Every employee is susceptible to falling ill, and sickness – whether minor or serious – can strike any one of us at any time. After being diagnosed with a serious medical illness or condition, many employees’ first thought is how it will impact on their working life and ability to provide for their family.
The UK operates a Statutory Sick Pay scheme aimed at providing most employees with a minimum level of secured income at a fixed rate for a fixed period of 28 weeks. Your employer may also operate their own contractual sick pay scheme over absence management which offers sick pay on more generous terms than the statutory minimum.
Your contract of employment will stipulate what you will be paid if you are off sick from work and for how long. Your employer may have a contractual sick pay scheme that is more generous than Statutory Sick Pay (SSP). If your employer does not operate a contractual sick pay scheme, then you should receive sick pay in accordance with the SSP requirements which all employers must adhere to as a minimum. SSP is pay which you receive from your employer during your sickness absence.
There are certain requirements you have to meet before you are eligible for SSP. You must earn over £112 per week to qualify. If so, you are then eligible for SSP of £88.45 per week, which can be paid to you for up to 28 weeks (these rates change annually). After week 28, if you are still absent from work, your entitlement to SSP ends, although you may be eligible for other benefits, such as the Employment and Support Allowance.
It is possible for your employer to dismiss you if you have been absent due to illness. However, the requirements under employment laws for the dismissal to be fair still apply if you have been employed with your employer for over two years.
Before dismissing you, your employer should investigate:
- The nature of your illness
- The likelihood of you returning to work
- The prospects of recurrence of the illness
- Their need to have someone doing your role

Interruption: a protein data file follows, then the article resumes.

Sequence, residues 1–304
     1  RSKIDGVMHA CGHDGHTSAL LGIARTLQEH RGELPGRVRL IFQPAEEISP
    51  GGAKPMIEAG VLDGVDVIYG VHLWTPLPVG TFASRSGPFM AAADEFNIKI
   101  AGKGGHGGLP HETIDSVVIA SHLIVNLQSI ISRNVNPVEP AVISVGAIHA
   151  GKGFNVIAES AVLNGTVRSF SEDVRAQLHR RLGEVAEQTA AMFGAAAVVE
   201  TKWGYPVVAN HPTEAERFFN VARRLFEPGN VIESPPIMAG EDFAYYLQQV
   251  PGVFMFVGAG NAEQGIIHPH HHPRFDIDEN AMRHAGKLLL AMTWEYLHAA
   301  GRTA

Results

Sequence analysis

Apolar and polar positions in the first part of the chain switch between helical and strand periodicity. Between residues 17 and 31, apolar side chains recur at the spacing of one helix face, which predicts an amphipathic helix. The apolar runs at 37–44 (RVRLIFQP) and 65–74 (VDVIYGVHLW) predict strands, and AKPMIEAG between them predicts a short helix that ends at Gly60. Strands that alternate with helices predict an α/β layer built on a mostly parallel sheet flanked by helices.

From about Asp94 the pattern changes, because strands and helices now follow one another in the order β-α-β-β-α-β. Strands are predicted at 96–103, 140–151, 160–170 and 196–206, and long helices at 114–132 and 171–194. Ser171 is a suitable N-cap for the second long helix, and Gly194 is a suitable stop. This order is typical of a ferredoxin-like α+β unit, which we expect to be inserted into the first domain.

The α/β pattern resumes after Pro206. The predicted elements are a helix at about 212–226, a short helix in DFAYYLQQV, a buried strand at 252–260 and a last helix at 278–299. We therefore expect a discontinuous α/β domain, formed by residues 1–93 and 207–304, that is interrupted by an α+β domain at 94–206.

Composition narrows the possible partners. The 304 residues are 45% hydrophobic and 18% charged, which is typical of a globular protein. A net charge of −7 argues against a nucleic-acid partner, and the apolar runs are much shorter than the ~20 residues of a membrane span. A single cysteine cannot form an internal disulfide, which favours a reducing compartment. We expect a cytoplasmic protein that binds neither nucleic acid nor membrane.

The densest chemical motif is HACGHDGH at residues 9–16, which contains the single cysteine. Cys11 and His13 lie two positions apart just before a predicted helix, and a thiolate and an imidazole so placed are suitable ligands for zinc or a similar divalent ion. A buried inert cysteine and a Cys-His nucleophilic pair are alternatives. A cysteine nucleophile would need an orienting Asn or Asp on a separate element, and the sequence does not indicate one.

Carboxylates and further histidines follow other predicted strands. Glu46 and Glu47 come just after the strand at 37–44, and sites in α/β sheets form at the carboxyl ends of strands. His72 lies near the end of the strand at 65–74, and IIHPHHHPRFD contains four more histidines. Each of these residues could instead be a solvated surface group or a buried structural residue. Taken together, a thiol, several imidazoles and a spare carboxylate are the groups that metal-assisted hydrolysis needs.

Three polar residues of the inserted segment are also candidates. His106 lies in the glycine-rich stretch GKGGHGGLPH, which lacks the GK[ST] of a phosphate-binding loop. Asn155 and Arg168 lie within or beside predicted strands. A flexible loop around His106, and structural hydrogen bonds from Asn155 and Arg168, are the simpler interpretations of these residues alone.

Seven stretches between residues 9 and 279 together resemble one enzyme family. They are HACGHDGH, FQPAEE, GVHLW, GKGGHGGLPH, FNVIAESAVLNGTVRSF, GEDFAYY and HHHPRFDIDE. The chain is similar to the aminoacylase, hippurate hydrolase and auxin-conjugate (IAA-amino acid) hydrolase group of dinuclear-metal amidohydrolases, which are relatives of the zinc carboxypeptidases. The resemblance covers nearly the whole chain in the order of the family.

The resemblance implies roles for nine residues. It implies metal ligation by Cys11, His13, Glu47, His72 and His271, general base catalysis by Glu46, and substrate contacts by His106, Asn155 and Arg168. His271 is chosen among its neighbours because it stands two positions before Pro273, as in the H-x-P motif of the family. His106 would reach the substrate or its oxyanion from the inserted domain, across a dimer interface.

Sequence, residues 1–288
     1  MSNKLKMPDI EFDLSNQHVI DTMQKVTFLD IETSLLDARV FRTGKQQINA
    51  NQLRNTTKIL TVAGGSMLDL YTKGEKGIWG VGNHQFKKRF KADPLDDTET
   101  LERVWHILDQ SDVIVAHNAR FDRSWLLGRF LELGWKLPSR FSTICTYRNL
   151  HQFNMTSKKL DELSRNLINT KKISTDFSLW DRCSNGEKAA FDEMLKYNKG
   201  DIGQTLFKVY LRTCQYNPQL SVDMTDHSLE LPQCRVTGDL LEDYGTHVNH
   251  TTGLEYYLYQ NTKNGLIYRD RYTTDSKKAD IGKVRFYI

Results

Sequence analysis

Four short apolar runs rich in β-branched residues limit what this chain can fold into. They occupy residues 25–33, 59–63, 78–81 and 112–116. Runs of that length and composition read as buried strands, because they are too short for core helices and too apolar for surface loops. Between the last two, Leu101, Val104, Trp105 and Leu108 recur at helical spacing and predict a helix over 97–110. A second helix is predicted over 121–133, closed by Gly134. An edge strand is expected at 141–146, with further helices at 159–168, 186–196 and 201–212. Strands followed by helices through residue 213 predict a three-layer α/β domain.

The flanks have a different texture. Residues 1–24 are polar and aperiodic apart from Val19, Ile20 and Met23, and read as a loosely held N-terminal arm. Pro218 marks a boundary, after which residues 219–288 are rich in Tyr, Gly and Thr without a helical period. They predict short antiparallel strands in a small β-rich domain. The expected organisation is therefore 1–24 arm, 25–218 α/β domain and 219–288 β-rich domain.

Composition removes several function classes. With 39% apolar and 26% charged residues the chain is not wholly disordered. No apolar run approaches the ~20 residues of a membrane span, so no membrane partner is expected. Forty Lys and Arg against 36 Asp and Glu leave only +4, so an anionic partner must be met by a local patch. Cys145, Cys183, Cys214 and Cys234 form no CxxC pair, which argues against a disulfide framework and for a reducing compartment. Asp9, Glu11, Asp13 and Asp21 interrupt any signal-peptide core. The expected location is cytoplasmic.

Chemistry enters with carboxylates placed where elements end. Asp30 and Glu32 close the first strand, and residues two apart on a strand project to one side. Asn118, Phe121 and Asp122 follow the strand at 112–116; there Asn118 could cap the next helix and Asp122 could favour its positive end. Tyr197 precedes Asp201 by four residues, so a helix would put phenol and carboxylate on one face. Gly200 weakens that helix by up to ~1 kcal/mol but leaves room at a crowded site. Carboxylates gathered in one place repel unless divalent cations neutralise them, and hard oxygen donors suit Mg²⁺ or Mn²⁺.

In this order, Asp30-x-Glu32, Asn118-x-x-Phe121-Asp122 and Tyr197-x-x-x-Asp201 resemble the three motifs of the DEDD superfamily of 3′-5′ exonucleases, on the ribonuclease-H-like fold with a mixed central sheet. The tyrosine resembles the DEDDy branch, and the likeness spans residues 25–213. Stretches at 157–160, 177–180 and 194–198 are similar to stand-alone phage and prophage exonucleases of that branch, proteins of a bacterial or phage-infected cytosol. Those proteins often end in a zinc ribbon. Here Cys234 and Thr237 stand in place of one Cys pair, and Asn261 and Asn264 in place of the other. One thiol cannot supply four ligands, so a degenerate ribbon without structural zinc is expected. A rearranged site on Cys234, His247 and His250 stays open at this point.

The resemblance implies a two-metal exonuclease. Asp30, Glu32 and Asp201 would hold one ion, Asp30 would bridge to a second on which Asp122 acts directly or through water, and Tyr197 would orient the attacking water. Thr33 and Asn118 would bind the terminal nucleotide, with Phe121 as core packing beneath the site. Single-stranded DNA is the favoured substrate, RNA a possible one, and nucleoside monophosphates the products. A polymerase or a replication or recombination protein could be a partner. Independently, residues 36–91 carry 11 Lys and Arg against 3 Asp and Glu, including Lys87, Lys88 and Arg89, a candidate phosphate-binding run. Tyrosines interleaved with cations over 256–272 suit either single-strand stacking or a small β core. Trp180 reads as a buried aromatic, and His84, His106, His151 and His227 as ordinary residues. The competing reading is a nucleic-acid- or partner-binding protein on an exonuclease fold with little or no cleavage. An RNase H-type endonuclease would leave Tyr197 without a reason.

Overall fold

- Consequential impact of your absence on their business and workforce
- Whether they had given you notice that your absence could lead to dismissal, and
- Your length of service
Generally speaking, your employer should also consider any alternatives to your dismissal, such as other roles that, given your possibly recurring illness, you may be better suited for.
Also, if your illness relates to an underlying disability then under the Equality Act 2010 employment laws you have additional protections from dismissal – even if you do not have the two years of service required for an unfair dismissal claim.
Your requirement to attend an Occupational Health appointment depends on the terms of your employment contract.
If your contract requires you to attend an Occupational Health meeting if requested by your employer, you will need to attend. On the other hand, if your contract does not state this, you can refuse to attend the meeting.
However, whether or not your contract requires you to go to an Occupational Health meeting, it is often advisable for you to do so voluntarily. The purpose of such a meeting is often to give your employer a better understanding of why you are taking sickness absences and their best absence management approach for the circumstances. Without that information, your employer may have an inaccurate and misleading understanding of your medical position, making dismissal or another serious workplace sanction more likely to be taken against you.
If you have had a number of short-term absences through illness, your employer may hold a formal meeting to discuss these. You should remember that your employer may not only be concerned with long-term absences, but also persistent short-term sickness absences as these types of absence can be more disruptive to a business.
Your employer should ordinarily look at whether there are any medical reasons for these absences and allow you a period to improve your attendance. Only if your attendance has not improved over a reasonable period should dismissal be considered, especially if you have worked for your employer for over two years. However, as mentioned above, your employer must still follow a fair procedure prior to dismissing you on grounds of ill-health.
Our Employment Law Solicitors can advise you of rights when on sick leave, your right to Statutory Sick Pay and any contractual sick pay arrangements your employer may offer. We can also help you on your rights over whether your employer has acted properly in requiring you to attend a medical examination or dismissing you as a result of being on sick leave.
Our team can help and support you if you have difficulty enforcing these rights and provide representation at an Employment Tribunal in Scotland, over your employer’s failure to recognise your right to Statutory Sick Pay or if you have been unfairly dismissed due to being absent through illness.
Call us on 03330 430 350 to find out more about our services, or complete our online enquiry form and we will contact you.
Depending on your case and circumstances, the first step is usually to arrange an appointment to come into one of our local offices to meet an Employment Law Solicitor to discuss your situation and the way forward. We will outline your options and, depending on your circumstances, we can look at various funding options to help with your case costs.
Please note we do not offer Legal Aid for this service.